We use cookies on this website, you can read about them here. To use the website as intended please... ACCEPT COOKIES
UAL Research Online

A System And Method For Dispensing Fluid in Response To A Sensed Property

Tillotson, Jenny and Jenkins, Gareth (2006) A System And Method For Dispensing Fluid in Response To A Sensed Property. 0426382.8.

Type of Research: Patent
Creators: Tillotson, Jenny and Jenkins, Gareth

My patent related to wearable items that dispense fluid if ambient sounds are sensed within a predetermined range or above or below a determined level and frequency. My patent and research was presented at an Institute of Nanotechnology conference at the Royal Society in December 2004 on ‘New Technologies and Smart Textiles for Industry and Fashion’, having previously been made a Fellow of the Institute. Professor Andreas Manz, a pioneer of lab-on-a-chip and Head of the Institute for Analytical Sciences supervised Dr Gareth Jenkins, my co-inventor.

My patent is the first to be registered in my patent portfolio and is part of a long-term project to create wearable, wireless sensor networks and microfluidic devices for fragrance delivery in ‘emotional clothing’. The patent stems from my work experience in the healthcare sector (geriatric and psychiatric care and people living with HIV and AIDS).

My patent is novel because it addressed a miniaturised system that dispensed an atomised spray via microfluidics, controlled by a microchip and activated by a microphone that detected the noise frequency of mosquitos. The process described can deliver nano-litre droplets of repellent, targeted towards an insect, in a localised, non-invasive way, eliminating the need to apply DEET onto the skin. The system can be effective for long periods of time and can be used at difficult-to-protect parts of the body.

Official Website: http://www.ipo.gov.uk/p-find-publication-getPDF.pdf?PatentNo=GB2423075&DocType=B&JournalNumber=6268
Additional Information (Publicly available):

Jenny Tillotson

Research Interests

Applying novel ways to create fashion, textiles and interactive structures, by introducing responsive effects that changes the experience of fragrance to a more intimate communication of identity, using the olfaction as a communication tool, with a focus on the relationship between Aromachology and wellbeing.

Current Research

Interdisciplinary Sensory Designer working with our most primitive sense (olfaction). Researching a new wave of sensory systems that identifies a new method of aroma delivery, by bridging the gap between imagineering and implementation, and seeking to better understand and evaluate the opportunities for enhancing the human condition, opened up by the advancement of technology.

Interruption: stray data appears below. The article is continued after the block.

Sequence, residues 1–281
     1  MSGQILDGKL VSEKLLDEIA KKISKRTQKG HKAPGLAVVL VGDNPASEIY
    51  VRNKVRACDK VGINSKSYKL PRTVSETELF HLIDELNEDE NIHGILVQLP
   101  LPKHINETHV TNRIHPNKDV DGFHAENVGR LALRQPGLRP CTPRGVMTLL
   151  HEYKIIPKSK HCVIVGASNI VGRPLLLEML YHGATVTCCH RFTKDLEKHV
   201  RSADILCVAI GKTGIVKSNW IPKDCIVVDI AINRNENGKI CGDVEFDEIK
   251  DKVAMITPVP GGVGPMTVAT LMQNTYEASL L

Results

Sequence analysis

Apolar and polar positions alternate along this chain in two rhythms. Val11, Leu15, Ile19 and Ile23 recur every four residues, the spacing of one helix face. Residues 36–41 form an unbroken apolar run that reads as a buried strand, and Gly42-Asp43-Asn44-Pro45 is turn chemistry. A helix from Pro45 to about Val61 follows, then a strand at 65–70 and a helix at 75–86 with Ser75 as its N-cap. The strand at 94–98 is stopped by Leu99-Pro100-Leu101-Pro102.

Senior Research Fellow at Central Saint Martins (CSM), in the field of fashion, textiles, wellbeing and sustainability, leading the ‘Scentsory Design®’ initiative, with a strong design awareness to meet peoples needs, stemming from work experience in the healthcare sector (geriatric, psychiatric care and people living with HIV and AIDS), and developing design-led wearable technologies, wireless sensor networks and microfluidic devices for fragrance delivery and therapeutic applications in emotional, functional clothing and jewellery.

Significant contributor to the field of ‘Scentsory’ design-led wearable technologies, as a new vehicle for the delivery of treatment from psychological conditions, but also to help understand our emotions (75% of the emotions that we generate on a daily basis are affected by smell) and the art behind the science.

Leadership experience at the cutting edge of aroma and healthcare, by converging emerging technologies with the ancient art of perfumery, to create a new sustainable platform that breaks the tradition of fragrance delivery (via precisely metered responsive fragrance and targeted delivery and release which replaces the relatively crude, unmetered technology of the twentieth century).

Fashion communicator combining applied theories about human wellbeing with multi-sensory design, to create experimental strategies to improve self and social confidence for individuals suffering from depressive illnesses. The range of methodologies employed extend beyond the academic realm of fashion and design, to areas such as neuroscience, gerontology, human sensory systems and affective states, psychiatry, entomology, wireless communications, chemistry and the growing trend of Complementary Medicine (CAM).

Your affiliations with UAL: Colleges > Central Saint Martins
Colleges > London College of Fashion
Research Groups > Fashion Science
Date: 1 June 2006
Funders: Arts and Humanities Research Council
Digital Object Identifier: 0426382.8
Date Deposited: 03 Dec 2009 22:07
Last Modified: 11 Aug 2014 10:54
Item ID: 1675
URI: https://ualresearchonline.arts.ac.uk/id/eprint/1675

Repository Staff Only: item control page | University Staff: Request a correction